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Triple Talaq Bill: What is the Shah Bano Case, and why does it still haunt the Congress?

What is the “mistake” that leaves the Congress red-faced every time the Triple Talaq bill is debated in Parliament, let’s find out

July 26, 2019 / 01:07 PM IST
Former Prime Minister Rajiv Gandhi (R) and Shah Bano (L)

Former Prime Minister Rajiv Gandhi (R) and Shah Bano (L)

The ominous Triple Talaq bill has been tabled in Parliament yet another time and is facing strong criticism from the Opposition.

Muslim Women (Protection of Rights on Marriage) Bill, 2018 has been back and forth in the Lok Sabha and the Rajya Sabha – with the government passing it in the Lower House and the Congress-led Opposition, which is still in majority in the Upper House, rejecting it.

While the ruling NDA government believes the abolition of talaq-e-biddat or instantaneous talaq, as a practice which discriminates against women, will be facilitated by criminalizing it, the Opposition is of the opinion that it impinges on the religious freedom of the Muslim community bestowed in Article 25 and 26 of the Indian Constitution.

Further, while the government asserts that the bill stands for women empowerment, the Opposition rebuts the claim saying the imprisonment of the husband will be detrimental for the wife and the family as he would not be able to provide for the maintenance (as promised in the nikaahnama) when he is in jail.

While both points of view hold water, there is one instance that the ruling NDA always digs out from the past which leaves the Congress red-faced. Even today, during the debate on triple talaq, Union Minister of Minority Affairs Mukhtar Abbas Naqvi, in an attempt to beseech the Opposition to pass the bill, said, “Don’t repeat the mistake of 1986.”


What is this “mistake” that haunts the Congress every time the Bill is debated, let’s find out.

The Shah Bano Case

The Mohd. Ahmad Khan vs. Shah Bano Begum & Ors. or the Shah Bano case is seen as one of the legal milestones in the Muslim women’s battle to protect their rights. It clarified the extent to which courts can interfere in the Muslim Personal Law.

In April 1978, a 62-year-old Muslim woman filed a petition in court demanding alimony or maintenance from her divorced husband Mohammed Ahmad Khan, a renowned lawyer in Indore, Madhya Pradesh. The two were married in 1932 and had five children – three sons and two daughters.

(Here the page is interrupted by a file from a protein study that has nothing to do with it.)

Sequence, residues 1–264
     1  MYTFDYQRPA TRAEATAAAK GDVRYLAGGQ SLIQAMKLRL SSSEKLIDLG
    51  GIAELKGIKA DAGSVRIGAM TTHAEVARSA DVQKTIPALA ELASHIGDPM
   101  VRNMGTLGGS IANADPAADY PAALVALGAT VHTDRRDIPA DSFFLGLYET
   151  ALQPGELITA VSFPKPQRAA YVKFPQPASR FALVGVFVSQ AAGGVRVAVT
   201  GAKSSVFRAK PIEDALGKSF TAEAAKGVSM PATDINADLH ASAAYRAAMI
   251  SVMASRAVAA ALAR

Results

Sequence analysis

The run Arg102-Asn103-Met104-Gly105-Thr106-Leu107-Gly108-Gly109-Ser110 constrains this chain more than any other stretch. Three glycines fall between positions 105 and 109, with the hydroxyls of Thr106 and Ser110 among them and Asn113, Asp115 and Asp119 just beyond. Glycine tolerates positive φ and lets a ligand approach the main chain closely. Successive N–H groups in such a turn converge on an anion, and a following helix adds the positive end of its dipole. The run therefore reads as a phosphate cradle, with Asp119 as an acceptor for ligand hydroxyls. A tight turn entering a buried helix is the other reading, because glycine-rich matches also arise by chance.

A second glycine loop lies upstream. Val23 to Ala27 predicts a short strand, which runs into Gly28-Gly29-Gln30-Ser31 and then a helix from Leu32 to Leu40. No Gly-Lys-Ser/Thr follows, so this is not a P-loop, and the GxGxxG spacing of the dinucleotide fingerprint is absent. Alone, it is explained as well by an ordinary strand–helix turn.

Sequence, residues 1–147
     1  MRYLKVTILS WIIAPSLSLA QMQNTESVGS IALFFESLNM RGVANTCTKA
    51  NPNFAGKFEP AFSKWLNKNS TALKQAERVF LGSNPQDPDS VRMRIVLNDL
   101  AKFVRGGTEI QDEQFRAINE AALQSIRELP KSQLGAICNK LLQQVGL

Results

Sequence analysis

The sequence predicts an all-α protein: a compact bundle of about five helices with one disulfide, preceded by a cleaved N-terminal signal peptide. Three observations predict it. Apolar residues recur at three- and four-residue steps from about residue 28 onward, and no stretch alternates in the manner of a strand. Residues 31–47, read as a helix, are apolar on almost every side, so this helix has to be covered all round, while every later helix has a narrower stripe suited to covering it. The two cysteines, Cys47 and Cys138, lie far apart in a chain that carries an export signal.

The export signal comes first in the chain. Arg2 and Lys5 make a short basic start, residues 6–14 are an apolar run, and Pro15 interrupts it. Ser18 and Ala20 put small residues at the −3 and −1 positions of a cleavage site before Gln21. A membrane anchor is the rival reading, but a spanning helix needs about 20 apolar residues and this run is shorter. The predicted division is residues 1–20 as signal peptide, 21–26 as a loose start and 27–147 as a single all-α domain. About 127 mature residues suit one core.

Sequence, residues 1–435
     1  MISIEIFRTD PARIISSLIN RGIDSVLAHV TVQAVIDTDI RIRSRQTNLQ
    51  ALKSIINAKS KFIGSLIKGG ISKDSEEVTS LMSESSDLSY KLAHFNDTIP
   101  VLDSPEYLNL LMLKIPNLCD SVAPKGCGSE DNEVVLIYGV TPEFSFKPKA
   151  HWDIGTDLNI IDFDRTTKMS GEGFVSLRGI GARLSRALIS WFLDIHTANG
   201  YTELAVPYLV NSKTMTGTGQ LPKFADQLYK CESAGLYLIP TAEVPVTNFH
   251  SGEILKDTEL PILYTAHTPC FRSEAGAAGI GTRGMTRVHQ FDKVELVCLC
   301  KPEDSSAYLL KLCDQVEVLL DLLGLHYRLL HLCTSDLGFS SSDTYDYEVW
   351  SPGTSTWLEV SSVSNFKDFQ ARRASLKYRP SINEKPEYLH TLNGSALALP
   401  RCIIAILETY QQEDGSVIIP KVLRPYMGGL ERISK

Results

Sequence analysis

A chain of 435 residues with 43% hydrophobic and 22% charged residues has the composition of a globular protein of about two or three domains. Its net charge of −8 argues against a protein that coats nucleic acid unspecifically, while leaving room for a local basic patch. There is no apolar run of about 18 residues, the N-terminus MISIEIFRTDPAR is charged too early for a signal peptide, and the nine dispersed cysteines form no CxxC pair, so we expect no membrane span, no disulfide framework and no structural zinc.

Shah Bano demanded maintenance for her and her five children under Section 123 of the CrPC, which puts a legal obligation on a man to provide for his wife during marriage and after divorce too, if she is unable to fend for herself. However, Shah Bano’s husband contested the claim saying the Muslim Personal Law required him to provide for her only until the Iddat period.

Iddat is the waiting period a woman must observe after divorce before she marries another man. It is usually supposed to last three months, but is longer if the wife is pregnant.

Khan’s argument was supported by the All India Muslim Personal Law Board (AIMPLB), which said the courts cannot take the liberty to interfere with laws laid out in the Muslim Personal Law (Shariat) Application Act, 1937.

After a series of hearings, the Supreme Court, in 1985, ruled that the CrPC (Code of Criminal Procedure) applies to all Indian citizens regardless of their religion, and that it applied in Shah Bano’s case too.  Besides, the apex court increased the alimony sum to be given to Shah Bano.

Then what was the “mistake”?

The Congress government, headed by then Prime Minister Rajiv Gandhi, overturned Supreme Court’s landmark judgment in 1986 by passing the Muslim Women (Protection on Divorce Act).

The Act said maintenance is only liable for the iddat period and that the courts only had the power to direct the Waqf Board for providing alimony to an aggrieving wife who is not able to fend for herself.

Even though Shah Bano’s lawyer Danial Latifi challenged the Act’s constitutional validity, the top court upheld it, saying the liability can’t be restricted to the period of iddat.

Shah Bano later withdrew the maintenance claim she had filed.

Both the Hindu right and liberals have pilloried Rajiv Gandhi for the flip-flop in the Shah Bano case and have viewed it as a move to appease minorities for votes by giving in to the orthodox Muslim clergy, even if at the expense of gender inequality.

However, according to a book written by Ziaur Rehman Ansari’s (a minister in Rajiv Gandhi's cabinet) son called Wings of Destiny: Ziaur Rahman Ansari – A life, it was his father driven by religious zeal and armed with a resignation letter, who had prevailed upon Rajiv Gandhi to overturn the apex court’s verdict.

The Lok Sabha, on July 25, passed the Triple Talaq bill as is. Now, the bill awaits the scrutiny of the Rajya Sabha.
Aakriti Handa
first published: Jul 26, 2019 01:07 pm

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